We can’t hide our love for whisky produced in Scotland: among the 1200 reviews published to date on this blog, more than a thousand tell the thousands faces of Scotch whisky. And yet every now and then we have to cast off and leave our safe harbour, because the production of whisk(e)y is now a fully global phenomenon. Thanks to his usual foresight, Claudio Riva has been suggesting it for a long time. So – after he reached with Whiskyclub the impressive result of more than 11 thousand members in 6 years -, now he bet on the growth of the movement of our craft distilleries with Distillerie.it. In our country, Puni is now a solid reality, but in the coming years also new and old distilleries could decide to produce the King of spirits… Today, however, the game of reviews takes us away from these romantic suggestions.
Mars Kasei (2019, OB, 40%)
This NAS Japanese blended with a definetely inviting price (40 euros for a Japanese whisky is a godsend, nowadays) comes from the Shinshu Mars micro-distillery, holder of a not inconsiderable record: it is the highest distillery in the country, operating at about 800 meters above sea level. “Kasei” means Mars, but are we really going to fly off into space between the planets?
N. potato vodka, starfruit, raw doughnut paste, green apple skin and lemon. It’s a bit rude, with an excessive acidity. Strawberry flavored cocoa butter.
P. very sweet and quite dull, with a watery body. Acacia honey, apple candy, cereal grain.
F. short and sugary, with a hint of grapefruit.
We need a premise. We’re not judging this whisky as a meditation spirit. Its extreme simplicity and its disarming ease of drinking make it an interesting product more than anything else for blending. For example, in a mizuwari it can recover its absolute dignity. If, however, we rate it “in purity”, it is a 75/100.
Few Rye (2019, OB, 46,5%)
Few Spirits is a distillery based in Evanston, Illinois, which of course also produces bourbon whiskey. Today we taste their Rye, aged about 4 years and obtained from a very high percentage of rye, about 70%.
N. very pleasant and open, the alcohol is well covered and integrated. The first impact is spectacularly aromatic: the fruit takes the path of mango and red fruits, while a nice floral whiff, we would say hibiscus (as it was done at the three-day visit to avoid the military service). Slowly emerges also a balsamic, maybe aloe, maybe chlorophyll.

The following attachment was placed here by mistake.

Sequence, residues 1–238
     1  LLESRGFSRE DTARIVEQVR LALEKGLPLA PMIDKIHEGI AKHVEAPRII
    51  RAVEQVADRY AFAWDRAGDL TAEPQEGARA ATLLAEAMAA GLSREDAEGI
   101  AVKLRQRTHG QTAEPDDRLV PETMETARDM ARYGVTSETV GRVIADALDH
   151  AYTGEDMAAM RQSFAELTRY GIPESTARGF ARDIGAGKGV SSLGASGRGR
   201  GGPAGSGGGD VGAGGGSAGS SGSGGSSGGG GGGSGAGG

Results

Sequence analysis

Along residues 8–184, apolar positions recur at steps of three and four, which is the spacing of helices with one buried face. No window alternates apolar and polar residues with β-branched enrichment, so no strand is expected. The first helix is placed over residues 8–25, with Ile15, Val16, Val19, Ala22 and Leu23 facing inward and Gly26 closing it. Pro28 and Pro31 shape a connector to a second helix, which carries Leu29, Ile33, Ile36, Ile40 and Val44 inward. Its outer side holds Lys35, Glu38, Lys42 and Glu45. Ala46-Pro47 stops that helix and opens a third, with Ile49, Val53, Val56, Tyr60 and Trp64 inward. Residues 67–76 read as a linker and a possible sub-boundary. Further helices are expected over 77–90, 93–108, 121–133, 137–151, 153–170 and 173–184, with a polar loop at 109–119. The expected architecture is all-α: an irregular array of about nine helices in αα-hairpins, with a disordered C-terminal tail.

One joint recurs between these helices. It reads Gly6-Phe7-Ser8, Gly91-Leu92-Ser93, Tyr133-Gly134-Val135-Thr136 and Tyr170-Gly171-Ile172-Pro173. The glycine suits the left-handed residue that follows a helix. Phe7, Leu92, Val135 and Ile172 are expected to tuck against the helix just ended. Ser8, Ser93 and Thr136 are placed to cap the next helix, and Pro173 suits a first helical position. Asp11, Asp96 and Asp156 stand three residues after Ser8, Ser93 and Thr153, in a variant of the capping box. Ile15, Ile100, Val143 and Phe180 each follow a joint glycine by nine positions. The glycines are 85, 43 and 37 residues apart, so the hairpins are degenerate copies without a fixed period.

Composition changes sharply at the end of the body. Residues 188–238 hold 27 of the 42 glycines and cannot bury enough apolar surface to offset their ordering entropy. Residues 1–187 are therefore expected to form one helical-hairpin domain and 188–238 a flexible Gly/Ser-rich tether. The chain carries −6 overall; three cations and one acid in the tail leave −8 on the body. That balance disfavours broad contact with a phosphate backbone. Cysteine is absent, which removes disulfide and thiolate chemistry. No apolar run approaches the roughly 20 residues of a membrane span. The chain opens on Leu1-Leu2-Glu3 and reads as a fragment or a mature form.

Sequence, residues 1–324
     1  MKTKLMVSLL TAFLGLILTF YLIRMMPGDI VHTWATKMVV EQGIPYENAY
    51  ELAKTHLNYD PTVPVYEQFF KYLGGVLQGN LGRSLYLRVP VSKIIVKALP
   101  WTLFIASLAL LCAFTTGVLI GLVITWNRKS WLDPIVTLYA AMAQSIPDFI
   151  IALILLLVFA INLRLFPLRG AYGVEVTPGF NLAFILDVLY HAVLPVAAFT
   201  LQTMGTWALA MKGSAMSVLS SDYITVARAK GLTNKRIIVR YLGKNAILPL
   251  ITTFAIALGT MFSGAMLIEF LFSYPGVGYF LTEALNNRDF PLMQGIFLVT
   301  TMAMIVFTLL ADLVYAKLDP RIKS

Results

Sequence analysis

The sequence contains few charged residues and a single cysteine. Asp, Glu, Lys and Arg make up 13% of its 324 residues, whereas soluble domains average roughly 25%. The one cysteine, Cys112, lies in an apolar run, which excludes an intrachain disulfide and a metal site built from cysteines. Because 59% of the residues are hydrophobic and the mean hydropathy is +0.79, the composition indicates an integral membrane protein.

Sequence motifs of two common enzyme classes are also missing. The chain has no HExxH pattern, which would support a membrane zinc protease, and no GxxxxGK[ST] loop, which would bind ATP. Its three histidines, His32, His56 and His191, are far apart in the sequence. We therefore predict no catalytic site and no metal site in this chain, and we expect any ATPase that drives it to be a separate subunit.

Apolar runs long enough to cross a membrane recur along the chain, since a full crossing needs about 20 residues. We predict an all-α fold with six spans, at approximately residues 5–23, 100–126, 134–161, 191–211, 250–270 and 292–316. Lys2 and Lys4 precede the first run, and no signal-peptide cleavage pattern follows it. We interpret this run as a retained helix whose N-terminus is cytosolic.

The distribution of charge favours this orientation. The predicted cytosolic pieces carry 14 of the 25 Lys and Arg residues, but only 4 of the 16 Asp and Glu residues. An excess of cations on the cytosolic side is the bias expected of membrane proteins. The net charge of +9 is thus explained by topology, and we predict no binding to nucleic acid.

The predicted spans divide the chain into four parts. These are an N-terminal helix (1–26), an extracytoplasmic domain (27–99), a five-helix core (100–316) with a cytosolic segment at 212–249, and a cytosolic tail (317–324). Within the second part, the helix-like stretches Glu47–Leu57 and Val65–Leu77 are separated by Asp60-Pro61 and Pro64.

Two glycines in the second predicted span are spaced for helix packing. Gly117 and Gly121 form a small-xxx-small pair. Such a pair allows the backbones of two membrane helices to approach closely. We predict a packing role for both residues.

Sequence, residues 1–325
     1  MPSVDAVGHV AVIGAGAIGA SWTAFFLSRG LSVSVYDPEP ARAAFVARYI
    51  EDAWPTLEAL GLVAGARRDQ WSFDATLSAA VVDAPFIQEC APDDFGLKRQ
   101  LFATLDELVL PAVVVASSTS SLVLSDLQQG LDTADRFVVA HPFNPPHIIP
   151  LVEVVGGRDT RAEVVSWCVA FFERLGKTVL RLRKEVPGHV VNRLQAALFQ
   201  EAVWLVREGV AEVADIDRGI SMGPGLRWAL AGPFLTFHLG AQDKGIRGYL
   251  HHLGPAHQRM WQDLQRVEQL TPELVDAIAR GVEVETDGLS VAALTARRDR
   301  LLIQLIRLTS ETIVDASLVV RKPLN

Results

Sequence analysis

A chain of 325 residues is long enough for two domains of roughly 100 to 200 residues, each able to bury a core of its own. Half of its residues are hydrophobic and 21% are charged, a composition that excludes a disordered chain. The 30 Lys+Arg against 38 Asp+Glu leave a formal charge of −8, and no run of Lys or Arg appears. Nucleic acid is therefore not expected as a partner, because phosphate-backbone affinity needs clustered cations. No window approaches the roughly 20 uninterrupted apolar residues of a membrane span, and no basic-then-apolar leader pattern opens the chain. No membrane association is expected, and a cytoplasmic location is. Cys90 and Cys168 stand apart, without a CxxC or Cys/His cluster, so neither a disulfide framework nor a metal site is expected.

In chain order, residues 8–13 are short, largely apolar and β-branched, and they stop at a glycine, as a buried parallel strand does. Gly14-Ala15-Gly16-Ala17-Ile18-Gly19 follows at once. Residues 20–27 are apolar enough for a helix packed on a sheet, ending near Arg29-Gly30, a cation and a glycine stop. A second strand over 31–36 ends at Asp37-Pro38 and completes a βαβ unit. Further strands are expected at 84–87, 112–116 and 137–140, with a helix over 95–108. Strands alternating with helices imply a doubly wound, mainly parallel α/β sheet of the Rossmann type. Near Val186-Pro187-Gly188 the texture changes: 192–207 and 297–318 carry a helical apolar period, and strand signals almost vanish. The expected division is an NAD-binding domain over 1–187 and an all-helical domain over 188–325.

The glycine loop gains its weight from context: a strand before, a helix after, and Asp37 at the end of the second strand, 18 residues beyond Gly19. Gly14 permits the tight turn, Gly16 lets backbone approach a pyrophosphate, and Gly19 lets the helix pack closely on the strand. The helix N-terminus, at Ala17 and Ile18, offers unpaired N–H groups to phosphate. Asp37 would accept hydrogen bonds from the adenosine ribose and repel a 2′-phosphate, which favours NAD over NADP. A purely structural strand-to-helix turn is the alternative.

P. the wood solvent that so much joy has given to rye drinkers around the world is here. Followed by a tropical fruit where mango and melon are in with bladder cherries. The body is really full, robust. The rye with its characteristic pinch, mint tea and dried coconut. Plums. In fact, plum brandy, like slivovitz but without that aggressiveness.
F. caramel, mint and prunes. Floral again.
We were commenting that this rye boom has become a bit mainstream, when suddenly a whiskey that goes beyond our expectations comes out. It sounds loud at every stage and it never make mistakes: not too spicy, not too sweet, not too floral, not too woody. And yet with a nice personal kick. And we always like the kick: 87/100. Important price for a Rye, about 70 euros.
Amrut Naarangi (6 yo, OB, batch 1, 2014)
This is for people who don’t even know the meaning of the word “preconception”. Luckily we feel really brave today and we saber our sample. The 900 bottles, forged back in 2014, were filled with Amrut Indian whisky that has been aged in Oloroso sherry barrels in which orange peels (Naarangi in Hindu language) have been infused for two years. When you say innovation…
N: it’s hard to tell blindly that it’s a whisky. The grappa Bonollo Dorange Of comes to mind, with oranges macerated in Amarone grappa. Frankly, we would have avoided the suggestion. The orange planes everything, it smells like candied orange peel covered in chocolate. Suddenly the parquet cleanser appears.
P: very, very dry. The alcoholic kick is strong. Impressive, pure chocolate, paradoxically the oranges stay one step behind, while remaining evident. A bitter bite of orange peel. Pure licorice.
F: more licorice and guess what… Oranges!!!!
It leaves the mouth sweet even if it’s a little bit astringent.
A very strange whisky, young but firm and certainly not anonymous at all, also thanks to that extra orange dressing a bit freak that would give nightmares to the Scotch Whisky Association: 76/100. Today it costs about 120 euros.
Dunville’s Very Rare 10 yo (2019, OB, 46%)
About the meritorious project of the newborn Echlinville Distillery we spoke just a few days ago. We don’t like to repeat ourselves and so you can find here the story of the rebirth of the historic brand Dunville’s. But we love to repeat the tastings and so we’re going to complete a series that also includes Dunville’s Three Crowns and the Three Crowns Peated.
N: it starts on an irrefutable note of wood polish – if you have a raw Ikea bookcase, you know what we’re talking about. Virgin wood, it’s like walking into a sawmill. Notes of pine resin, among the most pleasant things. There’s a strangely acetic note, reminiscent of the sweet and sour onions… There’s a sweetness of wheat, and a dried hyper-sugar coconut. Industrial snacks (Fiesta anyone?), orange liqueur.
P: definitely different from the nose, definitely better anyway. The turpentine disappears, the pure wood disappears, the sweetness emerges: milk chocolate, sweetened orange, very sweet. Fiesta again. It remains a bit chemical, but overall it is fresh.
F: sweet, pleasant, you get between a chemical sweet orange and white chocolate.
As you may have guessed, on this Irish whiskey hovers the bulky ghost of the sherry casks, moreover Pedro Ximenez. Of the three Dunville’s we tasted, this seems the least successful, with a very forced style, so little territorial. PX finish lovers, bring it on! It costs about 70 euros and for us it’s 77/100.